Ask any painter about light and dark values and they might tell you the color white is the presence of the complete spectrum and black the absence of all visible light. Black is said to be a protective color, as nothing can penetrate it; it absorbs. But one must be careful to balance the spectrum for without the light there can be no dark and we all know the dark is where the most prolific and sometimes haunting lyrics and melodies come from. And what can be said of those who grace the stage wearing only black?—there can only be one man in black and we all know who that is, but how do we describe the “other men” in black to be more specific? — One word; Volbeat.
Formed in Copenhagen, Denmark in 2000, Volbeat has become one of the most talked about bands around the world fusing thrash, rockabilly, metal, country and western, punk and everything in between to produce the metal sound that is Volbeat. But are they really doing something new and different? We think so and so do the legions of fans in every country they visit. They’re a hard band to pigeon-hole because you just can’t nail down the layers of sound they’re known for, so does combining all these various elements help or hinder Volbeat’s success? “If anything it’s helped us,” says lead singer Michael Poulsen with a smile, “because these days it’s so tough to come up with stuff you haven’t heard before, but we were not even aware we had something special going on; people were talking and saying we had something special and unique. We didn’t see it. When we did the first two albums people were talking all the time about how unique we were but we were totally aware of who we were inspired by so we just said, ‘we don’t know that; we just like these kinds of bands.’
“So we just kept doing what we were doing,” continues Poulsen, “and we still heard how special and unique we were and maybe at the same time we thought that maybe there were youngsters who really had tough times and they identified with us and I can truly understand that. We did meet people who didn’t understand what Volbeat was all about and they’d say ‘Well you’re not 100% metal or you’re not a 100% rock and we’d say, ‘You’re right!’ We are 100% everything that inspired us so we don’t need to be 100% only metal. So fine by me; I grew up with all these legendary performers of the 50s and all these heavy metal bands.”
Poulsen sites growing up in a home where his parents loved and played a lot of 50s era music so it was nothing for him and his siblings to spend time listening to Elvis Presley, Fats Domino, Jerry Lee Lewis, Johnny Cash, Chuck Berry and little Richard at any given time, which later blossomed into Poulsen’s ability to combine all these great influences with his love of heavy metal thus producing, Volbeat. “When I was a teenager, I started discovering heavy metal music and rock music,” says Poulsen with a grin. “My older sister had a boyfriend who would listen to Dio, Rainbow, Black Sabbath, Iron Maiden and stuff like that so when I saw those record albums with those covers I was just like, ‘wow what is that?’ You know?” laughs Poulsen. “And I’d start to figure out the whole universe behind the album covers and sometimes you really liked the cover but you didn’t like the music or the other way around and I started to explore the world of heavy metal and I think that’s the whole key in Volbeat’s sound. You can hear the inspiration of the 50s music but of course you can hear the inspirations of the old school metal bands like Motorhead and old Metallica, Megadeth, Dio, Black Sabbath and I think you can definitely sense that in the Volbeat music.”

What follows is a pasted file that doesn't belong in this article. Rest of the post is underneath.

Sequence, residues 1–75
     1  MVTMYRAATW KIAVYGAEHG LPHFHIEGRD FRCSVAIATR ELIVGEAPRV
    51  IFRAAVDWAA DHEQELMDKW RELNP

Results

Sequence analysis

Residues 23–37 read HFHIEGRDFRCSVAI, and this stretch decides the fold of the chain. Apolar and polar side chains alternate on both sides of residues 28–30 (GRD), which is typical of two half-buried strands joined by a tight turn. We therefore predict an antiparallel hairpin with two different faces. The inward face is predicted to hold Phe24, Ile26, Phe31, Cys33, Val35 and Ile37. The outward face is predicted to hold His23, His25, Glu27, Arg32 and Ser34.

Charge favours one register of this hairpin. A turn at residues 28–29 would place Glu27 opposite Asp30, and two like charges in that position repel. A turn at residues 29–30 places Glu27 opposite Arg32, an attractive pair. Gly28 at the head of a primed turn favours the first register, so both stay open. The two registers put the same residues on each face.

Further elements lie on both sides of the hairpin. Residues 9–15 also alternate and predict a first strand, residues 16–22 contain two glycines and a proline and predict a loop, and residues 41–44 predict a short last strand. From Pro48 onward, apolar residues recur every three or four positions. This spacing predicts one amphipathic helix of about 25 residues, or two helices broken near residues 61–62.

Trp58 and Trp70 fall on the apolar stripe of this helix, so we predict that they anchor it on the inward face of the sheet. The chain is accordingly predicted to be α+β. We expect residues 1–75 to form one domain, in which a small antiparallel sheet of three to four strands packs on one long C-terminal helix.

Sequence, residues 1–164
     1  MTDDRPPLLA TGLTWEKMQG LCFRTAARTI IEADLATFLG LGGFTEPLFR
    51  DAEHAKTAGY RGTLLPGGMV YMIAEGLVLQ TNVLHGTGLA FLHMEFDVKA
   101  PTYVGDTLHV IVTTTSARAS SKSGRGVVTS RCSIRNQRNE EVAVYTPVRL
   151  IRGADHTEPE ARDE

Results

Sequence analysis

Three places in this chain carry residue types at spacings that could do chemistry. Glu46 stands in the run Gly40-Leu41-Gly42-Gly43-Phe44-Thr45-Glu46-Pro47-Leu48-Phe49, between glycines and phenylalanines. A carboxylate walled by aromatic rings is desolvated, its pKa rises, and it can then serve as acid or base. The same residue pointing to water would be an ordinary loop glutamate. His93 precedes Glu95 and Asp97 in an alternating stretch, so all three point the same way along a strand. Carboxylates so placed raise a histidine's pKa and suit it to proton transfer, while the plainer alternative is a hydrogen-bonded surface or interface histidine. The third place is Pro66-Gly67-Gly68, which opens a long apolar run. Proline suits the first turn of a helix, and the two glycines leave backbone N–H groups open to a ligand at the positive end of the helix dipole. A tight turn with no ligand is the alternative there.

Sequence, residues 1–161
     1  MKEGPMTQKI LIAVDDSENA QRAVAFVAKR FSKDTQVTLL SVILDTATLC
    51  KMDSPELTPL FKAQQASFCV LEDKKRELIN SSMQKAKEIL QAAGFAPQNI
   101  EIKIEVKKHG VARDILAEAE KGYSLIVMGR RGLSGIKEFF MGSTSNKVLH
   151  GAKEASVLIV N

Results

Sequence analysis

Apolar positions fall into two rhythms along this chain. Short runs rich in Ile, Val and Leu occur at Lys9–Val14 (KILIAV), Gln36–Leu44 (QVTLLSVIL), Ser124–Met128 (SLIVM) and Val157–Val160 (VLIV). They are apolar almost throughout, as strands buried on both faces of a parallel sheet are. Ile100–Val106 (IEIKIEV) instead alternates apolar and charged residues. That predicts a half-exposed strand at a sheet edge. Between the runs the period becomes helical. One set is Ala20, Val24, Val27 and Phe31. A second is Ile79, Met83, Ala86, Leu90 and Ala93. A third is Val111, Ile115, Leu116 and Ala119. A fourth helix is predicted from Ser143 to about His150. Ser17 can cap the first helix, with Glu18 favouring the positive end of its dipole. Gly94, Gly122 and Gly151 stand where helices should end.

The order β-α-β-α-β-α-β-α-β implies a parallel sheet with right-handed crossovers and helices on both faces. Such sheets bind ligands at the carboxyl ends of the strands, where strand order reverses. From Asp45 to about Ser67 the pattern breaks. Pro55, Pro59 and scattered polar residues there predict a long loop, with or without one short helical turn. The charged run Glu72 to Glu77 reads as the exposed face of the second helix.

“When I started writing [for] Volbeat I couldn’t really decide what I wanted to do,” Poulsen explains, “so why not just blend it all together and play straight from the heart and don’t think too much, just play. I knew I liked the 50s and the crooners but at the same time I really liked the heaviness; the sound of heavy metal. So I decided to do it my way and blend all the styles together and I’m not going to make it all rock n’ roll or all heavy metal because it really doesn’t matter as long as it comes straight from your heart and that’s what’s called Volbeat music.”
Anything that comes from your heart can’t be bad; it’s authentic because trying to duplicate someone else’s sound or music never works out in the real world or as it did in your head. “Exactly,” states Poulsen with a smile and a nod. “If you try to follow a formula—you lose; because it would sound ridiculous. We’re doing really good; we’ve been sacrificing ourselves to this work awhile. When we started we played only small clubs and it was you know pay to play and we all had different jobs to be able to tour and suddenly all the road work we did in Europe started getting really good and we came to a point where we could actually quit our day jobs. Then we’d play for 50 people in Denmark and now we’re playing to 50,000 people in Denmark.” When Volbeat was an unknown name is the world of rock n’ roll, they made a decision to record a cover, which launched them from obscurity to being picked up on people’s radar. Many fans have posted that they played Volbeat’s version at their weddings; version of what you ask? I Only Want To Be With You. “We were about to have our first show in a bar in Copenhagen,” says Poulsen, “and we had our own material but we wanted to do a song that people knew because we would be singing down in the bar with songs that nobody had heard of so maybe we should just do a cover song. It just came together very organically in the rehearsal room. I Only Want To Be With You is something I heard as a child and it’s such an amazing song recorded by Dusty Springfield.”